Many other countries joined the US effort to firmly establish this right following the end of the Second World War. The Universal Declaration of Human Rights was adopted and the right of privacy was made explicit in the constitutions of many governments.
The United States continued to lead in the modern era of privacy protection with passage of the Fair Credit Reporting Act in 1970 and then with the Privacy Act of the 1974 that provided comprehensive privacy protection for records held by the federal government.
But our lead has slipped, and we are now viewed by many as falling behind in the effort to protect this critical right. The Administration's own record on privacy protection has been very poor. Not only has the White House resisted calls from long-time trading partners and allies to develop stronger privacy measures, it has actively opposed efforts by other governments to extend privacy rights to their own citizens. This combined with the Administration's attempt to extend techniques for electronic surveillance has placed the United States in the unfortunate position of promoting state surveillance as other governments are trying to establish privacy protection.
The sharp contrast in our government's approach to privacy issues, when compared with other governments, can be understood by considering the significance of the date "October 1998." In Europe that is the date when the European Data Directive goes into force. It is a comprehensive privacy measure that establishes rights for citizens and recognizes that privacy protection will remain critical for the information economy. It is the result of many years of hard work, negotiation, and commitment by lawmakers.
In this country, in October 1998, we will mark the date when the Communications Assistance for Law Enforcement Act is expected to be operational. That is the law, as I have noted, that requires telephone companies to try to protect electronic interception in the nation's telephone system. We are pursuing elaborate and expensive policies for national communications surveillance as other countries are struggling with the issue of how to protect the privacy rights of their citizens.
We are today not only behind the curve in developing sensible privacy polices, but we are largely out of step with the rest of the world. Lacking the formal means to develop privacy policies and to respond to public concerns, we have left the law enforcement community and the marketing industry to determine how much privacy there will be in the future. The result is not surprising -- there is growing public concern about the loss of privacy and a widening gap between the problems we face and the solutions we should pursue.
Simply stated, our policy is backward. We impose government controls on techniques to protect privacy, where market-based solutions are preferable. And we leave privacy problems to the market, where government involvement is required.
Today the calls for government action to protect privacy are unambiguous. The most recent Harris poll found that a majority of those polled found that privacy is the main reason that people are staying off of the Internet. They want legislation now to protect privacy on the Internet. According to the BusinessWeek/Harris poll, 53% believe that "Government should pass laws now for how personal information can be collected and used on the Internet." Of those polled, 23% said "government should recommend privacy standards for the Internet but not pass laws at the time." Only 19% believe that the government "should let groups develop voluntary privacy standards but not take any action now unless real problems arise."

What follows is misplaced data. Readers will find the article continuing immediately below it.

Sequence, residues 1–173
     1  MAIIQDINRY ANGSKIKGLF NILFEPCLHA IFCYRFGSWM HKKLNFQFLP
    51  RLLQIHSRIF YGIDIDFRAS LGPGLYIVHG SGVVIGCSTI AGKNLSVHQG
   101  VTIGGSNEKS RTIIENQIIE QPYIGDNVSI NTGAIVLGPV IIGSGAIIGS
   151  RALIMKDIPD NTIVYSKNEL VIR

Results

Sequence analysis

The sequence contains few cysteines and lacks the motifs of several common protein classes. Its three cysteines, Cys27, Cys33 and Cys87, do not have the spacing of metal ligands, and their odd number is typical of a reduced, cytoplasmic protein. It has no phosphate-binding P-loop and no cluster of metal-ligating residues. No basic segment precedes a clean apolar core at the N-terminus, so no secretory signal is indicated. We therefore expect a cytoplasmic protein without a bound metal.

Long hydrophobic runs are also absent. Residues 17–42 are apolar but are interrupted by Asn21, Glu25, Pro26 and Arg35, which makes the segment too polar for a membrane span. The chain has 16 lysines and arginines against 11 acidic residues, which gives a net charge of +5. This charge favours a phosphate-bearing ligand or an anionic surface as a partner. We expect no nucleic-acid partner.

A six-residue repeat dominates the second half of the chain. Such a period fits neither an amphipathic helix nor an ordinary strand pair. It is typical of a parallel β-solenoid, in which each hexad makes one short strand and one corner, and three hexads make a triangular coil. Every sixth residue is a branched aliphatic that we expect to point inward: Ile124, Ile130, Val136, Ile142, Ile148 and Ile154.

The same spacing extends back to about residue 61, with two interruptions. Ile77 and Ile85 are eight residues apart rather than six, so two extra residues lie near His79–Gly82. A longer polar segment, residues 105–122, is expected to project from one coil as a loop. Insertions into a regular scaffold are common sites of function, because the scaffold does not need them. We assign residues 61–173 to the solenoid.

The Harris/BusinessWeek poll is consistent with other polls that have asked similar questions about privacy and the Internet. Contrary to the popular view that Internet users oppose all form of government action, when it comes to matters of privacy, they believe new laws are necessary.
Where once individual consent was central to the disclosure of personal information, now the focus is on individual choice for a range of disclosures. Where privacy techniques focused on the means to protect identity, now the focus is on means to obtain information. Many of the techniques that are put forward as "technical solutions" --- such as the Open Profiling Standard, the P3P and Trustee --- will make it easier, not more difficult, to obtain information from individuals using the Internet. Something is clearly amiss.
It is time to reestablish support for Fair Information Practices, to make clear that organizations that collect information have responsibilities, and that individuals who give up information have rights. The principles are well established in our legal tradition. Privacy protection should not end where the Internet begins.
Amend the Electronic Communications Privacy Act
Congress should specifically consider expanding the scope of privacy provided to subscriber information under Section 2703 of ECPA. Currently, the statute only prohibits the disclosure of such data to "governmental entities" unless they obtain legal process authorizing the disclosure. This prohibition should be extended to the disclosure of subscriber information to any third party. One of the reasons why the Navy was able to obtain information concerning Mr. McVeigh from AOL is that ECPA places no restrictions on service providers unless the requester identifies himself as a government agent, which the Navy investigator failed to do. Further, the current statutory regime fails to recognize that significant harm can result from the disclosure of personal information to non-governmental actors. Had Mr. McVeigh been a private sector employee, ECPA would have provided absolutely no protection, despite the fact that he could have lost his job in much the same way. Any requester should be required to provide legal authorization before receiving personal information from a service provider.